December Snow ~ From My Carolina Home

We are snug and warm, with a fire going in the fireplace, turkey and dumplings for lunch, and Christmas movies on TV.  Plus, being ‘snowed in’ means I can sew to my heart’s content.  The snow on the branches is captivating, I cannot stop taking pictures of it!

December Snow ~ From My Carolina Home

But, elsewhere in the garden in December, my white amaryllis bloomed. Beautifully! Four spectacular Apple Blossom blooms in white with a blush of pink.

December in the Garden ~ From My Carolina Home

And the most exciting thing, the red amaryllis that has bloomed for four years, is starting to put up a leaf shoot. This will be the fifth year if it blooms again!

December in the Garden ~ From My Carolina Home

Did you see the Super Moon this week?

December in the Garden ~ From My Carolina Home

Before the snow, the deer came by again. There were three in the front of the house.

December in the Garden ~ From My Carolina Home

December in the Garden ~ From My Carolina Home

And these two were in the back at the same time.

December in the Garden ~ From My Carolina Home

Another picture a few days ago, the dawn light was gorgeous with the orange in the sky. I wish I could have gotten a really good photo of it.

December in the Garden ~ From My Carolina Home

More bird watching.

December in the Garden ~ From My Carolina Home

A few days ago, the leaves were finally gone from the trees, and the mountains next to ours could be seen.

December in the Garden ~ From My Carolina Home

Now, today, everything is covered in white, and the low clouds almost obscure the mountain view.

December Snow ~ From My Carolina Home

One last look at the rhododendrons.

December Snow ~ From My Carolina Home

Did you get snow this weekend?

P.S. If you have time, go see The Man Who Invented Christmas, and take the kids.  We enjoyed it!


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Christmas Cards for the Shelter

Stamping Christmas cards and sending them to family and friends is fun, but this year I had another idea in mind.  There is no doubt that I now have more stamping stuff than one person should have, especially with a huge stamping score at an estate sale for paper, and then a wonderful gift from a reader of three more boxes of goodies.   I wanted to use some of it for a special purpose, and did some cards for our Safelight Project last summer.  As DH and I were driving to a Christmas party last weekend, it occurred to me again how blessed I am.  I have a wonderful and warm home, a gentle and loving husband, food on the table, and love of family and friends.  But there are many who are not as lucky, and they might need a lift at this time of year.  It has to be a tough holiday for someone staying in a domestic violence shelter, so I decided to use my stash to create some holiday cards of support for the Safelight shelter residents.  You can help too (you don’t have to be a stamper) and I’ll tell you about that in a moment.

Christmas Cards for Safelight ~ From My Carolina Home

I found a bunch of these glittery gift tags in the boxes (recognize these, Katie?) and thought they would make great cards.  The backs have names on the ‘to’ and ‘from’, but glued down that won’t matter.  Just a pretty velvet ribbon behind a snowman, or an embossed strip behind a stocking, and voila the card is done.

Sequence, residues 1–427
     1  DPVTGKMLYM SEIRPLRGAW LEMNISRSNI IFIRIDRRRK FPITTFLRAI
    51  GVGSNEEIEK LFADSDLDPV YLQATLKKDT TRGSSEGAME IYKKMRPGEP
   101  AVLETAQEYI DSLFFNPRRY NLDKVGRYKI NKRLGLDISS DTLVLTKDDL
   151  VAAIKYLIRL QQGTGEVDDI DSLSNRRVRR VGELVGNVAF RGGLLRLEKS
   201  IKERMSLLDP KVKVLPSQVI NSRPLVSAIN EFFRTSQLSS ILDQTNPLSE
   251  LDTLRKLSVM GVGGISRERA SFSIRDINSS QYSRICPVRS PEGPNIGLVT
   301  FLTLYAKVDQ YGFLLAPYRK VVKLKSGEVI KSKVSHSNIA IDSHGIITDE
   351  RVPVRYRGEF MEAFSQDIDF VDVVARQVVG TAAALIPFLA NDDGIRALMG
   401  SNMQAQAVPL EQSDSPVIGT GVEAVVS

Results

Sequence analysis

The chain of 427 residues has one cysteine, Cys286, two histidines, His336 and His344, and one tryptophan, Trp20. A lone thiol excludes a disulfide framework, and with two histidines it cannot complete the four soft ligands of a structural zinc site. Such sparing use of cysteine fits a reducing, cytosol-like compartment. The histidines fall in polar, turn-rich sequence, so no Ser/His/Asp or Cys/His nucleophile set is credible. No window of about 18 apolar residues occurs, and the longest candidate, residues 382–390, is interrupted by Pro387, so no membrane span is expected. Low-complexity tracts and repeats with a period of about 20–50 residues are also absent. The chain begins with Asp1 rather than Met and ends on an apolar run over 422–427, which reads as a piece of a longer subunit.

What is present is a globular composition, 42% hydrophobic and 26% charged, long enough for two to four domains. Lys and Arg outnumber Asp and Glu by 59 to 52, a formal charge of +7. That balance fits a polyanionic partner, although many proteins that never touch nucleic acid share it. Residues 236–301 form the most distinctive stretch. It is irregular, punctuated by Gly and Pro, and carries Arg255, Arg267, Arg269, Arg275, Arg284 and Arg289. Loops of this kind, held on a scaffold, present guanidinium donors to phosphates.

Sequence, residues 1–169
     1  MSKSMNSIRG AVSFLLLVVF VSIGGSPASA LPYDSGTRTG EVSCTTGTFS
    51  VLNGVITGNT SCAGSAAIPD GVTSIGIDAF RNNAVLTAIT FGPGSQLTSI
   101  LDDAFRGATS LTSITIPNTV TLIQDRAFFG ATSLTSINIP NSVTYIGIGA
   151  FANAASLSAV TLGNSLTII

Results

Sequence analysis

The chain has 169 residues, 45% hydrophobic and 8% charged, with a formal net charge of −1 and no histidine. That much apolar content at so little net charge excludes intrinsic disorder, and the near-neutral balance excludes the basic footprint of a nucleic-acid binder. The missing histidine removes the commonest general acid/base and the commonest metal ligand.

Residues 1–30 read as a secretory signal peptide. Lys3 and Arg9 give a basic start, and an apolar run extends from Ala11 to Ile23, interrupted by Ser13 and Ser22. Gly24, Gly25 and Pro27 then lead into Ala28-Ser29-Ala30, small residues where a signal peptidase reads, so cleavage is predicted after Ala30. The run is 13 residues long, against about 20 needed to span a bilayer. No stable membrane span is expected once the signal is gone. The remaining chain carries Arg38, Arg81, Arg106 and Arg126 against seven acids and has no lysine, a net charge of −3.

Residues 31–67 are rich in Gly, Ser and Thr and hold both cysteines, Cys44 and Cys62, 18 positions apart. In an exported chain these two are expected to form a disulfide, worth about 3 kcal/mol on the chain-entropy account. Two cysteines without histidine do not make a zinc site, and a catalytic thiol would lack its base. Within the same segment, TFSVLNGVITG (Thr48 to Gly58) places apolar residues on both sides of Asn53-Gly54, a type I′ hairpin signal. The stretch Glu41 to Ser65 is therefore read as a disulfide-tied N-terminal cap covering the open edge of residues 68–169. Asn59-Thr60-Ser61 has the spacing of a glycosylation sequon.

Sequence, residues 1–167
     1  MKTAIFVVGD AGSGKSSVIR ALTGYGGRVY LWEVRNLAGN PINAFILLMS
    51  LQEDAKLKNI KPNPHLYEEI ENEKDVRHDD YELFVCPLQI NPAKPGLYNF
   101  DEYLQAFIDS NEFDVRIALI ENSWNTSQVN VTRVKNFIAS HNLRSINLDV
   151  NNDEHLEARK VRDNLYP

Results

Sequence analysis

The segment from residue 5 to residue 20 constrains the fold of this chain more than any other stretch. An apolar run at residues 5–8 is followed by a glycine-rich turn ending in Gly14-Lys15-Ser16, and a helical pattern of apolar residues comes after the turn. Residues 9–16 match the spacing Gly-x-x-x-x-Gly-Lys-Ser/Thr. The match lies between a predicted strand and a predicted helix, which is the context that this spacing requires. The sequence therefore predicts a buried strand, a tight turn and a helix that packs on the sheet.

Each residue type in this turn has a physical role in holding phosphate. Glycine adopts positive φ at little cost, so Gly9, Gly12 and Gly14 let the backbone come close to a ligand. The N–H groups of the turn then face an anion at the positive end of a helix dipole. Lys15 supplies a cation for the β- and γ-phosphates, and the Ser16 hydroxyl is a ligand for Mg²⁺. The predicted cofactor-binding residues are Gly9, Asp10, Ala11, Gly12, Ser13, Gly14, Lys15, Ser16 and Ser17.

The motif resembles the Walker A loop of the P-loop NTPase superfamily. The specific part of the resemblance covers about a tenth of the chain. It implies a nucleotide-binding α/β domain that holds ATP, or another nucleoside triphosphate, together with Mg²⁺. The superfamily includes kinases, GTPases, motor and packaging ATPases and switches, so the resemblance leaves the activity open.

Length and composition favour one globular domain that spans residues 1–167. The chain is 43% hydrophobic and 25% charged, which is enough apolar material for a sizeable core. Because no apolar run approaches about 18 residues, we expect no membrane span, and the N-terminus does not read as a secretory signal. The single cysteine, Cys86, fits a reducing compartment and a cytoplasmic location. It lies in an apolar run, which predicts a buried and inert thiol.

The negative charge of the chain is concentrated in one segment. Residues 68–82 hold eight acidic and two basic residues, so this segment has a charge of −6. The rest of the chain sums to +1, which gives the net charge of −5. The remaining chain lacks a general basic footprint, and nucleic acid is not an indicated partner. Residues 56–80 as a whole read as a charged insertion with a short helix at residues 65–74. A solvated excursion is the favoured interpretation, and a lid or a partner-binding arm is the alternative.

Christmas Cards for Safelight ~ From My Carolina Home

Another card has a larger embossed design, with an ornament on top. These are fairly simple designs, so I won’t go through them step by step.

Christmas Cards for Safelight ~ From My Carolina Home

Many of the cards have elements from other cards simply placed on embossed paper.  The green on the left is a snowflake design I used several times.  The one on the right has a ‘ribbon’ of paper rolled with my peppermint candy wheel.  Gift stickers are under the tree.

Christmas Cards for Safelight ~ From My Carolina Home

Reindeer stamps adorn this one, with punched out snowflakes.  The inside has a white paper for the sentiment that shows through the holes on the front.

Christmas Cards for Safelight ~ From My Carolina Home

This one has an ornament punched out of the front, with some embossed snowflakes from another card.  A glittery one is added to the top, then an ornament is stamped so it shows through the punched out part.

Christmas Cards for Safelight ~ From My Carolina Home

A view from the top shows it a little better.

Christmas Cards for Safelight ~ From My Carolina Home

Inside, the sentiment most appropriate for my purpose is stamped, and a sticker added too.

Christmas Cards for Safelight ~ From My Carolina Home

Another tag, this Santa is accented with more snowflakes.

Christmas Cards for Safelight ~ From My Carolina Home

Red embossed paper with snowflakes provide a base for a stocking and glitter snowflake.

Christmas Cards for Safelight ~ From My Carolina Home

I had a lot of snowflakes, can you tell?  On this one I just stamped the word Joy over and over.

Christmas Cards for Safelight ~ From My Carolina Home

Inside all of the cards, this same sentiment is stamped, with different stickers for fun.  I will hand-write a personal message in each one.

Christmas Cards for Safelight ~ From My Carolina Home